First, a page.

Format

Send to

Choose Destination
Acta Physiol Scand. 1993 Dec;149(4):427-33.

Myocardial lactate release during prolonged exercise under hypoxaemia.

Author information

1
Karolinska Institute, Department of Clinical Physiology, Huddinge Hospital, Stockholm, Sweden.

Abstract

The possible appearance of myocardial lactate production during exercise under hypoxaemia, simulating an altitude of about 4500 metres above sea-level (masl) was investigated. Twelve healthy men were studied, after coronary sinus catheterization, during prolonged exercise breathing 12% O2 compared with men breathing air. Coronary sinus blood flow was measured by thermodilution. Exercise duration under each breathing condition was 30 min and the order normoxaemia/hypoxaemia was varied between subjects so as to compensate for any influence of a preceding exercise period on a subsequent one. Work load was adjusted so as to produce a heart rate (HR) of 130-140 beats min-1 during both hypoxaemia and normoxaemia. [14C]lactate was infused at a constant rate i.v. throughout the study to detect a possible myocardial lactate release simultaneously with a net uptake. Myocardial O2 uptake did not differ significantly between hypoxaemia and normoxaemia. The compensation for reduced blood oxygen content was achieved entirely by a greater coronary blood flow. Yet, the arterial-coronary sinus (a-cs) lactate difference was lower during hypoxaemia than normoxaemia and isotope data indicated that this was caused by a myocardial lactate release of approximately 90 mumol min-1 which was at hand during hypoxaemia but not normoxaemia, whether hypoxaemic exercise preceded or succeeded normoxaemic exercise. In conclusion, A 27% reduction in arterial oxygen saturation is almost compensated for by an increased coronary blood flow. However, during hypoxaemic exercise cardiac energy demand is to a smaller part, about 1%, covered by anaerobic metabolism.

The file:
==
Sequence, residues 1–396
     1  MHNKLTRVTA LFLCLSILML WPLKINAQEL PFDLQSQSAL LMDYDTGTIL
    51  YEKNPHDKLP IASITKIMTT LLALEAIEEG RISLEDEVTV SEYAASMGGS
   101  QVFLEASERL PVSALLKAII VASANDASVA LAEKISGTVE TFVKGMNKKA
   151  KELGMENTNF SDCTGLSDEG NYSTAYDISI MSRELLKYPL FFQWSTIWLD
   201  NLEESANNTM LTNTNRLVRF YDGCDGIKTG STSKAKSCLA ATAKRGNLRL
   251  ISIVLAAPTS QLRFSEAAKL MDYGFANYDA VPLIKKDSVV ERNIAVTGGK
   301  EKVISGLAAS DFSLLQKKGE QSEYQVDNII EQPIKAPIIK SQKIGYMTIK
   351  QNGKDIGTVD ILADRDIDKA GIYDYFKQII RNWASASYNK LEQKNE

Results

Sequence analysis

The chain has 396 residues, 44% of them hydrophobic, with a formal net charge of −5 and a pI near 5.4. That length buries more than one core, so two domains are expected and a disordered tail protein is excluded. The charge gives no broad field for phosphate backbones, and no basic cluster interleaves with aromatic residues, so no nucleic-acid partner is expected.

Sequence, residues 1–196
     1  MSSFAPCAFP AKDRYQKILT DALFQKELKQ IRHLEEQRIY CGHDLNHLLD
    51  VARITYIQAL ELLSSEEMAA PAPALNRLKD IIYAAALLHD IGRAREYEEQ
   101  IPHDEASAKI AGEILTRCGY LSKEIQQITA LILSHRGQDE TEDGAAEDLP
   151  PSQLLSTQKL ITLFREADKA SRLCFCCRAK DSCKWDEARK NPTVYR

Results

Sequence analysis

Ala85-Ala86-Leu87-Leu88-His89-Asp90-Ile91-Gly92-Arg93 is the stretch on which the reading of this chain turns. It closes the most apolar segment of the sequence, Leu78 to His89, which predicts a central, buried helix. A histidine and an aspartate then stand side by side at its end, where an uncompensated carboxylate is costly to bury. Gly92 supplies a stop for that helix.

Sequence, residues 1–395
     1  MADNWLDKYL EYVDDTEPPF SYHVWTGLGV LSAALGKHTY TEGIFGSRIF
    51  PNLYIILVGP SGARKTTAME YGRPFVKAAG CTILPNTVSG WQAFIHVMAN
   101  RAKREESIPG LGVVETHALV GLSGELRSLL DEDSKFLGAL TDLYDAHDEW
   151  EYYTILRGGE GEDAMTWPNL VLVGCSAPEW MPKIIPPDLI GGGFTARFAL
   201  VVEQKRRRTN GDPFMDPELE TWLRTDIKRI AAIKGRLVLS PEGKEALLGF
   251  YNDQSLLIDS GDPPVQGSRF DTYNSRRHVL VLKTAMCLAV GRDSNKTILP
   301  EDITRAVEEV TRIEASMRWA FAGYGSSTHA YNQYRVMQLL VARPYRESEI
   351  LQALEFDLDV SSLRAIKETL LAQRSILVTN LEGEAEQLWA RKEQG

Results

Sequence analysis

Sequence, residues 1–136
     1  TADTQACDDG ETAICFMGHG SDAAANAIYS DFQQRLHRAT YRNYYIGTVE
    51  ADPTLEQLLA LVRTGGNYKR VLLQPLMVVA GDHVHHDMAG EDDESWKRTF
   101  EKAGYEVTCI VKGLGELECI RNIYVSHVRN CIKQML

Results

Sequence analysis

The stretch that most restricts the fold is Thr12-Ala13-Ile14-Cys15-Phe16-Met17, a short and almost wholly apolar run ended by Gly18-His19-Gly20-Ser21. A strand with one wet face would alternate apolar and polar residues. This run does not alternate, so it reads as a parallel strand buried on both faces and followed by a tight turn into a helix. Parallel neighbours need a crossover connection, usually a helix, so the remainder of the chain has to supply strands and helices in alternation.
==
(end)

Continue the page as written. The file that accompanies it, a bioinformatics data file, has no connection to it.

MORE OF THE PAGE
[Indexed for MEDLINE]

Supplemental Content

Full text links

Icon for Wiley
Loading ...
Support Center